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‘Personal omics’: Weight changes affect what’s happening in our gut, disease susceptibility

| | January 25, 2018

Gaining and losing weight causes extensive changes in the gut microbiota and in biomarkers related to inflammation and heart disease, researchers report today (January 17) in Cell Systems. The authors tracked what they call “personal omics profiles,” composed of the genomics, transcriptomics, proteomics, metabolomics, and microbiomics, of people who ate an average of 880 extra calories every day for a month.

“It’s a landmark paper,” says Leroy Hood, chief strategic officer at the Institute for Systems Biology, a Seattle biomedical nonprofit organization, and senior vice president and chief science officer at Providence St. Joseph Health. … Using this type of data “to study aspects of disease is going to be a transformational approach in medicine, and this is one of the first beautiful, clear demonstrations of how powerful that will be,” he says.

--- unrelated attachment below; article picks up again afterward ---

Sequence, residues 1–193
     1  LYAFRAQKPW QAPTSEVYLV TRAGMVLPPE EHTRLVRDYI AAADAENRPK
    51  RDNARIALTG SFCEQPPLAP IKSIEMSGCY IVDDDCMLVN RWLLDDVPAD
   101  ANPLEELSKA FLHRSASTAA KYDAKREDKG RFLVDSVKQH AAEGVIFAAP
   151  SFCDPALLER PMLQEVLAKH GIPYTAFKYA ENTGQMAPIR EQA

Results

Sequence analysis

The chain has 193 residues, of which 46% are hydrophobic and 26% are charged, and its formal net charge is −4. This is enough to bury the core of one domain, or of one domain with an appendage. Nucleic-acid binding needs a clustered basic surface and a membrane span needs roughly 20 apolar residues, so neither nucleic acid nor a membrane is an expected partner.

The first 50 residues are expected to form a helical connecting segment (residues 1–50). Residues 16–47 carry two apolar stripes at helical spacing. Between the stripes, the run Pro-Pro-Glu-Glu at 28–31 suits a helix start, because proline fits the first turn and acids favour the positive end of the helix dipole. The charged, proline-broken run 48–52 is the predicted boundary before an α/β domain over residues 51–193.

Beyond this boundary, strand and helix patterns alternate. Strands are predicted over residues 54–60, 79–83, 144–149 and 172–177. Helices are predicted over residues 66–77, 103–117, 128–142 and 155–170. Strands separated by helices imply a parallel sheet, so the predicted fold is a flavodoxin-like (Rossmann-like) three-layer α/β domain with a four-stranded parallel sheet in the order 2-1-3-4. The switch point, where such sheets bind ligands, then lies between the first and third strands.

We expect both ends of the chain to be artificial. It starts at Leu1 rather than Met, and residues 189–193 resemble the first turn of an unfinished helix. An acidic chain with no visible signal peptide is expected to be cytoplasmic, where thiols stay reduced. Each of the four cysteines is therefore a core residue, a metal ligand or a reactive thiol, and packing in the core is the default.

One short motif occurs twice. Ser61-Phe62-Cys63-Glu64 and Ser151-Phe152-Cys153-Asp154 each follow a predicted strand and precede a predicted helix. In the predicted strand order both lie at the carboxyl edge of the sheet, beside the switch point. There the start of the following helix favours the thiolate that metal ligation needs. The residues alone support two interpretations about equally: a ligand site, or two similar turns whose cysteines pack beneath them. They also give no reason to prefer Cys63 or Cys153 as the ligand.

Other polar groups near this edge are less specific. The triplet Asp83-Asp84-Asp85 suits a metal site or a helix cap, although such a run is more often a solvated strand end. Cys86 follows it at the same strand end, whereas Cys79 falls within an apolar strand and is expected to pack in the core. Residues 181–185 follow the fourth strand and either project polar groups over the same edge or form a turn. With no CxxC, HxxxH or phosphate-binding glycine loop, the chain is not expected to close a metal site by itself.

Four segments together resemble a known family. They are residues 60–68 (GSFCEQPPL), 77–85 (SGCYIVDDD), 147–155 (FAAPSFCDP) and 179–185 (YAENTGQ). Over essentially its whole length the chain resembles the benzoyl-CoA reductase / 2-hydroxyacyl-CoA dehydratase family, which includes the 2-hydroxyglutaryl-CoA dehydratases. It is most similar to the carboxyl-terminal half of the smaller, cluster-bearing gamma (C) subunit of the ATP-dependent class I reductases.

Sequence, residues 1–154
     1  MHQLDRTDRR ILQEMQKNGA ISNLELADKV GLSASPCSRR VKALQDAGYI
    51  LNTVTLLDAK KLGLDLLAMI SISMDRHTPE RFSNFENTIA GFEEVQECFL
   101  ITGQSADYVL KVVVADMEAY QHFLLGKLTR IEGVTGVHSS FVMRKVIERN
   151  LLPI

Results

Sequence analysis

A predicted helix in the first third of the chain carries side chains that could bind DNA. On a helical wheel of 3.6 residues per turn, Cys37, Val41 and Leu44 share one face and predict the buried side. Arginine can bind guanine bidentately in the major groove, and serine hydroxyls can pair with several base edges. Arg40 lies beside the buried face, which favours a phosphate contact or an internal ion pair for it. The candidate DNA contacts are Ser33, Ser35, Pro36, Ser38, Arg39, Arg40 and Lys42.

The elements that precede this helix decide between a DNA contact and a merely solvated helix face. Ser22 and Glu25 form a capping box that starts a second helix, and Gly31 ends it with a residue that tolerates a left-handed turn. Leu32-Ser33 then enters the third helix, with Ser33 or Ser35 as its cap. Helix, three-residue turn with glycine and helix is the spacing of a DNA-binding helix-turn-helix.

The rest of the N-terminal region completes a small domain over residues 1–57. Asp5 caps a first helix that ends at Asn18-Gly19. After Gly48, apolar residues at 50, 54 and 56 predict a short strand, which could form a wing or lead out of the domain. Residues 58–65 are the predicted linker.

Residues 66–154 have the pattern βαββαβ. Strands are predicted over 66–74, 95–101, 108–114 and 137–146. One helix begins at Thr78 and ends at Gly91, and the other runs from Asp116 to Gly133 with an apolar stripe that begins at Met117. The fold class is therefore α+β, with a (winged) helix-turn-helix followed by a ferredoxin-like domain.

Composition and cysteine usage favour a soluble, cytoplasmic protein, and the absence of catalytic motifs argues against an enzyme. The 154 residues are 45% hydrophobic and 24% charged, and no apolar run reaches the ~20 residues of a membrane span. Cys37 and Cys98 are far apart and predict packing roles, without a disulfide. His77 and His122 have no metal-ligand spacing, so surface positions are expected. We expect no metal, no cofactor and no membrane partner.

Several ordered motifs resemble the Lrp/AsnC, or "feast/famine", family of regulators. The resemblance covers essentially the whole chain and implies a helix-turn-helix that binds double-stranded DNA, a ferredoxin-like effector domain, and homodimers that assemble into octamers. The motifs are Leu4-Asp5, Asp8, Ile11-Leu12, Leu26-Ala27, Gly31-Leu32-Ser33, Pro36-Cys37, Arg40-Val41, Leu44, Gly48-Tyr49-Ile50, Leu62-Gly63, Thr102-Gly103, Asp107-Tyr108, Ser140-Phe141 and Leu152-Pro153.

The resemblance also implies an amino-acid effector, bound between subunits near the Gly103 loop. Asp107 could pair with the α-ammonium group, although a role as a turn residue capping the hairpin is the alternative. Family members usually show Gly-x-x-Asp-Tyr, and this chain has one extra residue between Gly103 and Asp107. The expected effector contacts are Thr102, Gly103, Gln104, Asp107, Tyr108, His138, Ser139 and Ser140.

Although subjects only gained an average of about six pounds, the researchers detected considerable changes in molecules related to fat metabolism, inflammation, and dilated cardiomyopathy, a condition where the heart is less able to pump blood, which can lead to heart failure.

Most of the changes went back to baseline after weight loss, but a few—such as molecules associated with folate metabolism—stayed elevated. And while the researchers saw some common responses to weight gain and loss across the group, “you still look more like you than somebody else,” Snyder explains. “That means that our inherent biochemical profiles are pretty stable, at least through weight gain [and] weight loss.”

Read full, original post: How Gaining and Losing Weight Affects the Body

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